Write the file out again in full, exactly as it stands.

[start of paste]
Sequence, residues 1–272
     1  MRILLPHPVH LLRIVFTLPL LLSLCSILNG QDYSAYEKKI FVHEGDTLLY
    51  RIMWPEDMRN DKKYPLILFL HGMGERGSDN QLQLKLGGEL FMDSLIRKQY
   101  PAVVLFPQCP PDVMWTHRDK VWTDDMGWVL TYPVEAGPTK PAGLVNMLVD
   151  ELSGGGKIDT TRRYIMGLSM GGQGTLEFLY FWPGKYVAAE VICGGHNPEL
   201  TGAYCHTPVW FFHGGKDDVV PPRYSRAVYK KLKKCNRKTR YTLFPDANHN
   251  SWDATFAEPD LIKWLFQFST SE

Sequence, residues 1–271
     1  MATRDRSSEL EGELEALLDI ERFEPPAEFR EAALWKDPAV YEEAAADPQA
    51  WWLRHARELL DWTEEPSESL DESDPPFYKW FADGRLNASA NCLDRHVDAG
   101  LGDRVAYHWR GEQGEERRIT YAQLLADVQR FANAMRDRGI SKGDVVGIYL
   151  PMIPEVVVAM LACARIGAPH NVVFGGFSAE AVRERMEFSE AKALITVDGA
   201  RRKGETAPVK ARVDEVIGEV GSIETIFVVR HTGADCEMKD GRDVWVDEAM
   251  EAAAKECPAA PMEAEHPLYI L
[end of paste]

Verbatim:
Sequence, residues 1–272
     1  MRILLPHPVH LLRIVFTLPL LLSLCSILNG QDYSAYEKKI FVHEGDTLLY
    51  RIMWPEDMRN DKKYPLILFL HGMGERGSDN QLQLKLGGEL FMDSLIRKQY
   101  PAVVLFPQCP PDVMWTHRDK VWTDDMGWVL TYPVEAGPTK PAGLVNMLVD
   151  ELSGGGKIDT TRRYIMGLSM GGQGTLEFLY FWPGKYVAAE VICGGHNPEL
   201  TGAYCHTPVW FFHGGKDDVV PPRYSRAVYK KLKKCNRKTR YTLFPDANHN
   251  SWDATFAEPD LIKWLFQFST SE

Sequence, residues 1–271
     1  MATRDRSSEL EGELEALLDI ERFEPPAEFR EAALWKDPAV YEEAAADPQA
    51  WWLRHARELL DWTEEPSESL DESDPPFYKW FADGRLNASA NCLDRHVDAG
   101  LGDRVAYHWR GEQGEERRIT YAQLLADVQR FANAMRDRGI SKGDVVGIYL
   151  PMIPEVVVAM LACARIGAPH NVVFGGFSAE AVRERMEFSE AKALITVDGA
   201  RRKGETAPVK ARVDEVIGEV GSIETIFVVR HTGADCEMKD GRDVWVDEAM
   251  EAAAKECPAA PMEAEHPLYI L